7 Article Enhancer Reprogramming Promotes Pancreatic Cancer Metastasis. 2017

Roe, Jae-Seok / Hwang, Chang-Il / Somerville, Tim D D / Milazzo, Joseph P / Lee, Eun Jung / Da Silva, Brandon / Maiorino, Laura / Tiriac, Hervé / Young, C Megan / Miyabayashi, Koji / Filippini, Dea / Creighton, Brianna / Burkhart, Richard A / Buscaglia, Jonathan M / Kim, Edward J / Grem, Jean L / Lazenby, Audrey J / Grunkemeyer, James A / Hollingsworth, Michael A / Grandgenett, Paul M / Egeblad, Mikala / Park, Youngkyu / Tuveson, David A / Vakoc, Christopher R. ·Cold Spring Harbor Laboratory, Cold Spring Harbor, NY 11724, USA. · Cold Spring Harbor Laboratory, Cold Spring Harbor, NY 11724, USA; Lustgarten Foundation Pancreatic Cancer Research Laboratory, Cold Spring Harbor, NY 11724, USA. · Division of Hepatobiliary and Pancreatic Surgery, Department of Surgery, Johns Hopkins Hospital, Baltimore, MD 21287, USA. · Division of Gastroenterology & Hepatology, Stony Brook University School of Medicine, Stony Brook, NY 11790, USA. · Division of Hematology/Oncology, UC Davis Medical Center, Sacramento, CA 95817, USA. · Department of Medicine, University of Nebraska Medical Center, Omaha, NE 68198, USA. · Department of Pathology and Microbiology, University of Nebraska Medical Center, Omaha, NE 68198, USA. · Eppley Institute for Research in Cancer and Allied Diseases, Fred & Pamela Buffett Cancer Center, University of Nebraska Medical Center, Omaha, NE 68198, USA. · Cold Spring Harbor Laboratory, Cold Spring Harbor, NY 11724, USA; Lustgarten Foundation Pancreatic Cancer Research Laboratory, Cold Spring Harbor, NY 11724, USA. Electronic address: dtuveson@cshl.edu. · Cold Spring Harbor Laboratory, Cold Spring Harbor, NY 11724, USA. Electronic address: vakoc@cshl.edu. ·Cell · Pubmed #28757253.

ABSTRACT: Pancreatic ductal adenocarcinoma (PDA) is one of the most lethal human malignancies, owing in part to its propensity for metastasis. Here, we used an organoid culture system to investigate how transcription and the enhancer landscape become altered during discrete stages of disease progression in a PDA mouse model. This approach revealed that the metastatic transition is accompanied by massive and recurrent alterations in enhancer activity. We implicate the pioneer factor FOXA1 as a driver of enhancer activation in this system, a mechanism that renders PDA cells more invasive and less anchorage-dependent for growth in vitro, as well as more metastatic in vivo. In this context, FOXA1-dependent enhancer reprogramming activates a transcriptional program of embryonic foregut endoderm. Collectively, our study implicates enhancer reprogramming, FOXA1 upregulation, and a retrograde developmental transition in PDA metastasis.

8 Article MUC1 and HIF-1alpha Signaling Crosstalk Induces Anabolic Glucose Metabolism to Impart Gemcitabine Resistance to Pancreatic Cancer. 2017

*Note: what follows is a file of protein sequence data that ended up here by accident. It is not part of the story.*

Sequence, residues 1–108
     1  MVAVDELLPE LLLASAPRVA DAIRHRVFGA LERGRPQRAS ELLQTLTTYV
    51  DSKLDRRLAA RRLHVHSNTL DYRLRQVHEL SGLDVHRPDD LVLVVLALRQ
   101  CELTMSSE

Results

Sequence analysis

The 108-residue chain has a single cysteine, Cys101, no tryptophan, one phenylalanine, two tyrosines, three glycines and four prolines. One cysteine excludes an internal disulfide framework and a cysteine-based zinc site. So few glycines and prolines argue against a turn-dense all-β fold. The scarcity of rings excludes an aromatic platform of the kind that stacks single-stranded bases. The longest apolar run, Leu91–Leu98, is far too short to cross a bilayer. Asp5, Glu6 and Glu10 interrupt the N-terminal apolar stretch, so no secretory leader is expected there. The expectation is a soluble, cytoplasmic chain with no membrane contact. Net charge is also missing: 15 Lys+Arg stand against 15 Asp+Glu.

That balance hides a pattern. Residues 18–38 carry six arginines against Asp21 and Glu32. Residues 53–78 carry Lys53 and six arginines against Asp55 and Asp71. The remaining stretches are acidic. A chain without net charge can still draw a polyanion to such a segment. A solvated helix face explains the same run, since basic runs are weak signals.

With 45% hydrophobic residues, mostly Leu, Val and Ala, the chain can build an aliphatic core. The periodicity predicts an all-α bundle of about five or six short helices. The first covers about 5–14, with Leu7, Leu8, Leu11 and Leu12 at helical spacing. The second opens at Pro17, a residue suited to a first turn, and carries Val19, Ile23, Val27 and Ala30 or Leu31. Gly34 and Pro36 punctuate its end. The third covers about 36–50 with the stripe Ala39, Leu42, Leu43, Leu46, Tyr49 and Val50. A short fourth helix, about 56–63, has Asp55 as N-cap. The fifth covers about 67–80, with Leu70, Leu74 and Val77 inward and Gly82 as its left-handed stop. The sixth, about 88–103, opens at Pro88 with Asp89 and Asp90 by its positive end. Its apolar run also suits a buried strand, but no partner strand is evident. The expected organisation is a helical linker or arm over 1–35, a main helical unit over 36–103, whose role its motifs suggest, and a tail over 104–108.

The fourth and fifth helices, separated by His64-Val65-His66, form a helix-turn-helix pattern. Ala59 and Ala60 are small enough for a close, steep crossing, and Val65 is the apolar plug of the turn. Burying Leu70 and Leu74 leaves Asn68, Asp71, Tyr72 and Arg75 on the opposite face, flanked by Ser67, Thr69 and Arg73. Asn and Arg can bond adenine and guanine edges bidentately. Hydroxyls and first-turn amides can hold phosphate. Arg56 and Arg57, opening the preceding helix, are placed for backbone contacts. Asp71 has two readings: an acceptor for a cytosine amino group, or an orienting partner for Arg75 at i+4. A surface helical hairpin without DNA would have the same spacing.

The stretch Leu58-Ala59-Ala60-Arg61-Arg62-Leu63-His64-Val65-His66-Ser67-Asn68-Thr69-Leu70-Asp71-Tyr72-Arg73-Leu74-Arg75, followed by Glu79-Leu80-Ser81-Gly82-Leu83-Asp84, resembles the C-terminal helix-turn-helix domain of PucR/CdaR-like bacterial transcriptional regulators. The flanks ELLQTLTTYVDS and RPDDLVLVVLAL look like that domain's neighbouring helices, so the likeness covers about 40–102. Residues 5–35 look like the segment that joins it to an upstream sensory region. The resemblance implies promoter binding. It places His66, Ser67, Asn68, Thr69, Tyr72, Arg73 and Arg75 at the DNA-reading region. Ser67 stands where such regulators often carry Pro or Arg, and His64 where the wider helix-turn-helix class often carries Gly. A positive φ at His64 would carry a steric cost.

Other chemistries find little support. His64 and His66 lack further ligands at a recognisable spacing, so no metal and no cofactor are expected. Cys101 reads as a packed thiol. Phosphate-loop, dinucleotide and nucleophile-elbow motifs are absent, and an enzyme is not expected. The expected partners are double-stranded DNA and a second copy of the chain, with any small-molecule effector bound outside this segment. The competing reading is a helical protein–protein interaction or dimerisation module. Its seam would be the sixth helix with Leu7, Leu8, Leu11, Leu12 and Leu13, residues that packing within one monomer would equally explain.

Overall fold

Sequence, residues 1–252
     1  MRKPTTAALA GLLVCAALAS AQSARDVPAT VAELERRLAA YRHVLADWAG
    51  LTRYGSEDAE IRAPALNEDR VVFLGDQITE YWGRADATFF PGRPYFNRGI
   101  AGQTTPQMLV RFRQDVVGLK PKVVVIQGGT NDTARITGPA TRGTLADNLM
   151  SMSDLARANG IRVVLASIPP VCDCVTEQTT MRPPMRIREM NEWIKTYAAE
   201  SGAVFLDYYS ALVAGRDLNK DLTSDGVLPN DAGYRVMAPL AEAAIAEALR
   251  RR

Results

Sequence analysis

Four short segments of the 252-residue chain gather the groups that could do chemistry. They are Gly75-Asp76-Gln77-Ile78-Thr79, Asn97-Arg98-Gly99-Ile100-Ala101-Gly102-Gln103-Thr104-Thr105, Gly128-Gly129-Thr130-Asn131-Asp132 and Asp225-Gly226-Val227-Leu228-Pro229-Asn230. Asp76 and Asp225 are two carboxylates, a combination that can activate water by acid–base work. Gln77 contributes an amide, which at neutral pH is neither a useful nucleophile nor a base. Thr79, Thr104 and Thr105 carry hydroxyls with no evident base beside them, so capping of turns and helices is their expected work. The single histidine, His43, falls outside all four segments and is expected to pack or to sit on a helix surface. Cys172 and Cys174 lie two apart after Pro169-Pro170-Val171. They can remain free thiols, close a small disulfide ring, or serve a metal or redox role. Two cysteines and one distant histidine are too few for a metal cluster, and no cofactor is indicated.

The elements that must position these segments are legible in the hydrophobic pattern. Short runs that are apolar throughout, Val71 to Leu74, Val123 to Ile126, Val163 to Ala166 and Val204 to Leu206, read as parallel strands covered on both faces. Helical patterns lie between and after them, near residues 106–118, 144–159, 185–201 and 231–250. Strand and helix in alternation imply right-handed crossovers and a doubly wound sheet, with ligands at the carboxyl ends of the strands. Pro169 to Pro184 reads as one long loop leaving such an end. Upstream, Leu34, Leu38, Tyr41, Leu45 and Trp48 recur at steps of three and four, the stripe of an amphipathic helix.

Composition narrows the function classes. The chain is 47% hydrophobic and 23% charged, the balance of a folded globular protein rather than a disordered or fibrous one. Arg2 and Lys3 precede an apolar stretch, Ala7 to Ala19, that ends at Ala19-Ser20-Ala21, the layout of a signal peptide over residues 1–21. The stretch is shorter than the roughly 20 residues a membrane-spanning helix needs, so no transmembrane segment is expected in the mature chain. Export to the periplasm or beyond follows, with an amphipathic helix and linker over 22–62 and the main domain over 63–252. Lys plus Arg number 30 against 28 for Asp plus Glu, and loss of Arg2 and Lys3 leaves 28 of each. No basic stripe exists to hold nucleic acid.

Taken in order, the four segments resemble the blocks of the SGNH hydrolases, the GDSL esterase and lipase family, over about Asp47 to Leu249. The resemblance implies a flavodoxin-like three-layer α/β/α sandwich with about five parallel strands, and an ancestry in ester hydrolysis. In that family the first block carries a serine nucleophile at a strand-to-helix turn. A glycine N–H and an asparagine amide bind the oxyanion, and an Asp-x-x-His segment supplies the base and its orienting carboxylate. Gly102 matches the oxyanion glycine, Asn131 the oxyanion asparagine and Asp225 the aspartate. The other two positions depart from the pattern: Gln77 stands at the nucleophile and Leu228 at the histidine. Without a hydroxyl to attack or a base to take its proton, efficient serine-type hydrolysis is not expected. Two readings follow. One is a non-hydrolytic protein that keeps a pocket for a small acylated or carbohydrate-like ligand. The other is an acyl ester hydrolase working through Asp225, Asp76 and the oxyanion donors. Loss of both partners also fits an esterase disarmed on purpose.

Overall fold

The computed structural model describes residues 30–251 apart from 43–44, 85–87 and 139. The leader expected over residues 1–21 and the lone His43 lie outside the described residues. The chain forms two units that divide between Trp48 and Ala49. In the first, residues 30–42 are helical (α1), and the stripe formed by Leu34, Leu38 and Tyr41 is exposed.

Shukla, Surendra K / Purohit, Vinee / Mehla, Kamiya / Gunda, Venugopal / Chaika, Nina V / Vernucci, Enza / King, Ryan J / Abrego, Jaime / Goode, Gennifer D / Dasgupta, Aneesha / Illies, Alysha L / Gebregiworgis, Teklab / Dai, Bingbing / Augustine, Jithesh J / Murthy, Divya / Attri, Kuldeep S / Mashadova, Oksana / Grandgenett, Paul M / Powers, Robert / Ly, Quan P / Lazenby, Audrey J / Grem, Jean L / Yu, Fang / Matés, José M / Asara, John M / Kim, Jung-Whan / Hankins, Jordan H / Weekes, Colin / Hollingsworth, Michael A / Serkova, Natalie J / Sasson, Aaron R / Fleming, Jason B / Oliveto, Jennifer M / Lyssiotis, Costas A / Cantley, Lewis C / Berim, Lyudmyla / Singh, Pankaj K. ·Eppley Institute for Research in Cancer and Allied Diseases, University of Nebraska Medical Center, Omaha, NE 68198-5950, USA. · Eppley Institute for Research in Cancer and Allied Diseases, University of Nebraska Medical Center, Omaha, NE 68198-5950, USA; Department of Pathology and Microbiology, University of Nebraska Medical Center, Omaha, NE 68198, USA. · Department of Chemistry, University of Nebraska-Lincoln, Lincoln, NE 68588, USA. · Department of Surgical Oncology, The University of Texas MD Anderson Cancer Center, Houston, TX 77030, USA. · Department of Medicine, Weill Cornell Medical College, New York, NY 10065, USA. · Department of Surgery, University of Nebraska Medical Center, Omaha, NE 68198, USA. · Department of Pathology and Microbiology, University of Nebraska Medical Center, Omaha, NE 68198, USA. · Department of Internal Medicine, University of Nebraska Medical Center, Omaha, NE 68198, USA. · Department of Biostatistics, University of Nebraska Medical Center, Omaha, NE 68198, USA. · Department of Molecular Biology and Biochemistry, University of Málaga and IBIMA, 29071 Málaga, Spain. · Department of Medicine, Harvard Medical School, Boston, MA 02115, USA. · Department of Biological Sciences, The University of Texas at Dallas, 800 West Campbell Road, Richardson, TX 75080, USA. · Department of Radiology, University of Nebraska Medical Center, Omaha, NE 68198, USA. · Division of Medical Oncology, University of Colorado School of Medicine, Aurora, CO 80045, USA. · Department of Anesthesiology, University of Colorado Denver, Aurora, CO 80045, USA. · Department of Surgery, Health Sciences Center T18-065, Stony Brook Medicine, Stony Brook, NY 11794, USA. · Department of Molecular and Integrative Physiology, University of Michigan, Ann Arbor, MI 48103, USA. · Eppley Institute for Research in Cancer and Allied Diseases, University of Nebraska Medical Center, Omaha, NE 68198-5950, USA; Department of Pathology and Microbiology, University of Nebraska Medical Center, Omaha, NE 68198, USA. Electronic address: pankaj.singh@unmc.edu. ·Cancer Cell · Pubmed #28697344.